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JOURNALISM IN THE AMERICAS Blog

Authorities in Uruguay investigate police attack on sports journalist

Police in Uruguay's second largest city, Salto, opened an internal investigation on Jan. 19 to determine responsibility for an attack on the reporter Luis Díaz for the newspaper El Pueblo, reported the publication. Read more »


Mexican court says broadcasters' debates violated election laws


Following the Mexican Electoral Court's decision to investigate more than 60 radio and television stations for interviewing candidates for the governorship of the state of Michoacán, the National Congress of the Radio and Television Industry sent a letter to the Federal Electoral Institute (IFE in Spanish) asking for clarification of the rules regarding the broadcasting of debates, reported the newspaper Milenio. Read more »


Another journalist attacked covering transportation protests in Brazil

A Brazilian journalist was attacked and his camera was damaged while covering a protest on the streets of Teresina, in the state of Piauí on Jan. 19, reported TV Piauí. The reporter believes his attacker was a security guard with the Union of Urban Transport Businesses of Teresina. Read more »


Citizens' reports: A guide to crowdsourcing websites in Latin America

From elections in Brazil to mapping power in Chile to a stand-in for Wikipedia in the United States, journalists throughout the Americas are using crowdsourcing to cover the news. The Americas Society/Council of the Americas (AS/COA) noted that crowdsourcing, or turning to a large group of citizens to perform a task that normally would be done by an individual, has "become a popular method for citizen participation" that allows "users to report crimes anonymously...due in part to violence against witnesses and journalists." Read more »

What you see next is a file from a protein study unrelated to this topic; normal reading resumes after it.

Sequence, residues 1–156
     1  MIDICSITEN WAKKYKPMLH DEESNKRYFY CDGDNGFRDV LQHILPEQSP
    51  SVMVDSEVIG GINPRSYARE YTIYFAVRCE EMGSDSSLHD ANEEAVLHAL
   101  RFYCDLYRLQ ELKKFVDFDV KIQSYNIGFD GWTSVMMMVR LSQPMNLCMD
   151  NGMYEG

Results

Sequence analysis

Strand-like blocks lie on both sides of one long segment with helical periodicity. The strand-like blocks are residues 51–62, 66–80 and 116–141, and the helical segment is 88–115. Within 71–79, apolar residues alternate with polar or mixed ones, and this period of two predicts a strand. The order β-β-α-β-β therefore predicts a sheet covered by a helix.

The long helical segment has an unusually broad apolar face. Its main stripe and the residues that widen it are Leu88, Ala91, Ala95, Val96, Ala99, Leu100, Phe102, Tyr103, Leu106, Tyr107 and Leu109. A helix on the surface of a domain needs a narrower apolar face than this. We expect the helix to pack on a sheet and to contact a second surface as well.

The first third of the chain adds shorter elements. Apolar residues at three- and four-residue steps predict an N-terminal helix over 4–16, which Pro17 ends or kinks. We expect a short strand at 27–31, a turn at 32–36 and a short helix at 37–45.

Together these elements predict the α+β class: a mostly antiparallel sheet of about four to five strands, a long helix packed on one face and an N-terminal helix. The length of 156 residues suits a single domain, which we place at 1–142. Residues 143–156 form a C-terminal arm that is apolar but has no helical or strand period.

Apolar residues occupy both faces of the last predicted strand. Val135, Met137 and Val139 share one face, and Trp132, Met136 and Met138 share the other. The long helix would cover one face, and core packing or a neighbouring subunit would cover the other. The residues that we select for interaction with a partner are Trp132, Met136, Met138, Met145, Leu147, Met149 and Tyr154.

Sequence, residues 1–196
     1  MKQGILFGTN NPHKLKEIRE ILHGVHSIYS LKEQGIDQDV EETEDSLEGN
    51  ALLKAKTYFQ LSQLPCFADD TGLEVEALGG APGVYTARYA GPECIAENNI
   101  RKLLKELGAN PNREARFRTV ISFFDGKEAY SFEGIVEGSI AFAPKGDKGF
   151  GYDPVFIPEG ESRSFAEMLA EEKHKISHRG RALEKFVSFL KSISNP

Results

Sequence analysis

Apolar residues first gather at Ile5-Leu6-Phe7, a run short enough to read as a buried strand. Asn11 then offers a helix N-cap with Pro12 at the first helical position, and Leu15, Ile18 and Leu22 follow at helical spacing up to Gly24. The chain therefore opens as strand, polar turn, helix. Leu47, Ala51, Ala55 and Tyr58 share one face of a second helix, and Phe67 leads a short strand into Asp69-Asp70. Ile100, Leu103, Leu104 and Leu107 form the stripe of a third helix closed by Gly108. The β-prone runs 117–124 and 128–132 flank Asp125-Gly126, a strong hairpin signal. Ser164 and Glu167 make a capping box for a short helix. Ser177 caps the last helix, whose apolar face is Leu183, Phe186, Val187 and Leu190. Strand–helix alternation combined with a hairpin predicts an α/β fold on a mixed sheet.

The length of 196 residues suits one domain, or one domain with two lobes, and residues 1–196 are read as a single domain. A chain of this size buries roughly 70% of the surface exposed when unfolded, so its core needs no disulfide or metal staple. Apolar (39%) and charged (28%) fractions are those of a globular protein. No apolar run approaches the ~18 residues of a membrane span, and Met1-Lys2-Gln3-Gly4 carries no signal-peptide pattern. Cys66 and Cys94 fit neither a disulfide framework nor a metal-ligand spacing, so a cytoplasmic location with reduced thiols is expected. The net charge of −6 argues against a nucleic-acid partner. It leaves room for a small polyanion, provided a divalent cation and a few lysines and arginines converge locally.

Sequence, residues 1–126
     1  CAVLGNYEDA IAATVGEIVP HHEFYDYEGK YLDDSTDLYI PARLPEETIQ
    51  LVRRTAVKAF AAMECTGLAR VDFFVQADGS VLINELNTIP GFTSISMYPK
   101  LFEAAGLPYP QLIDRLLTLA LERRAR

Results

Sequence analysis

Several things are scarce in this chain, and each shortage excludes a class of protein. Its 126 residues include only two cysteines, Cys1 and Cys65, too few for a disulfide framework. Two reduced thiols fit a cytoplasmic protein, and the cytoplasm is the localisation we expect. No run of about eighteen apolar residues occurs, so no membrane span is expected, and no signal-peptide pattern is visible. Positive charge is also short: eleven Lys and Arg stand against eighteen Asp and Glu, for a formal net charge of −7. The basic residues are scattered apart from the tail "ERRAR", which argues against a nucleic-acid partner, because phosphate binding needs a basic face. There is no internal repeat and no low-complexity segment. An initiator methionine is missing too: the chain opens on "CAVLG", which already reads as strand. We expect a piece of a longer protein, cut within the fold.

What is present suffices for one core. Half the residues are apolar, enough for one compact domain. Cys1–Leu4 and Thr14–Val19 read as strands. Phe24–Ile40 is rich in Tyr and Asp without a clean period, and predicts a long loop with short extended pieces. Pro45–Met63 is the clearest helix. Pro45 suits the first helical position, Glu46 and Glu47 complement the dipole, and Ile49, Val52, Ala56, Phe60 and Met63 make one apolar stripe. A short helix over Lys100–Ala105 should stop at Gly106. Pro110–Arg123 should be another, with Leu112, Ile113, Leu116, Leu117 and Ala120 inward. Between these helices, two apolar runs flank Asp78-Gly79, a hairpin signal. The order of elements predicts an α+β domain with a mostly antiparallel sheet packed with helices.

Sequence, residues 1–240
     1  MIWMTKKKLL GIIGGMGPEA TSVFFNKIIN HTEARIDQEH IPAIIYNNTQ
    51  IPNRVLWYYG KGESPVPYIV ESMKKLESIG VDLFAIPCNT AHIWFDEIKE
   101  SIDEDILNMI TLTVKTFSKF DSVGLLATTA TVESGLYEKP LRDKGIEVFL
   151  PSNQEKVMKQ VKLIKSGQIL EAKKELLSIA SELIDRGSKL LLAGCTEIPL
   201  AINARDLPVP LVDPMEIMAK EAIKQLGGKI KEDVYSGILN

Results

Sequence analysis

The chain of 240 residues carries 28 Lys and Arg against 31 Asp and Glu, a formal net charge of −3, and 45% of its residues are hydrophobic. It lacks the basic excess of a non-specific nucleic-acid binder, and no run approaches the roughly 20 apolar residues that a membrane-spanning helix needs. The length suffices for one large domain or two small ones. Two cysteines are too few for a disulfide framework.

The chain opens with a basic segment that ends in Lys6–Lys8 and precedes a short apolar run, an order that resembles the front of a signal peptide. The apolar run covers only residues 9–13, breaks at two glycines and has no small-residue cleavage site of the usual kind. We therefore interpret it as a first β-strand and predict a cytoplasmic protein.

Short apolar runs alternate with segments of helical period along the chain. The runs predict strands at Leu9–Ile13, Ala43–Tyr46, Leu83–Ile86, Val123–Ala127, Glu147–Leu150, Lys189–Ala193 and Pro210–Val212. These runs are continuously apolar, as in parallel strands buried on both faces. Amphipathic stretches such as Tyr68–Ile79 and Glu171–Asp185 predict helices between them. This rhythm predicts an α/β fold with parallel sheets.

Student website prompts firestorm of false news as U.S. media scramble, prematurely reporting Paterno's death

In another example of news organizations jumping the gun as false information spreads like wildfire across Twitter, U.S. media outlets prematurely reported the death of Penn State football coach Joe Paterno, driving home the lesson that "social media tools do not need to force news organizations to compromise their standards," according to The New York Times. Read more »


Computer-assisted reporting expert speaks with the Knight Center about new tools for data journalism (VIDEO)

Knowing how to write source code and manage data sets are skills no longer reserved for nerds; data journalism is a growing field in reporting. But, if you're not part of the (big) group of journalists that aren't familiar with coding, you can still take advantage of some digital tools to lessen the work behind a story. Read more »


Venezuelan journalist shares tips on how to avoid cyber attacks

Despite the Internet's essential role in journalism today, few reporters take the issue of cyber security seriously. Recent cyber attacks on journalists in Venezuela reinforce the fact that the Internet is not without its risks.

Venezuelan technology journalist Luis Carlos Díaz, who received threats from pro-President Chávez hackers, says that it's possible to avoid online attacks with simple measures. Díaz shared his recommendations with the Knight Center for Journalism in the Americas on how to avoid becoming a victim of online crime. Read more »


Chilean government puts a stop to bill that would have allowed warrantless access to media archives

The Chilean government announced that it will withdraw the "Hinzpeter Bill," a proposal that would have permitted authorities to demand media companies turn over their archives to the police without a warrant, reported ANSA. Read more »


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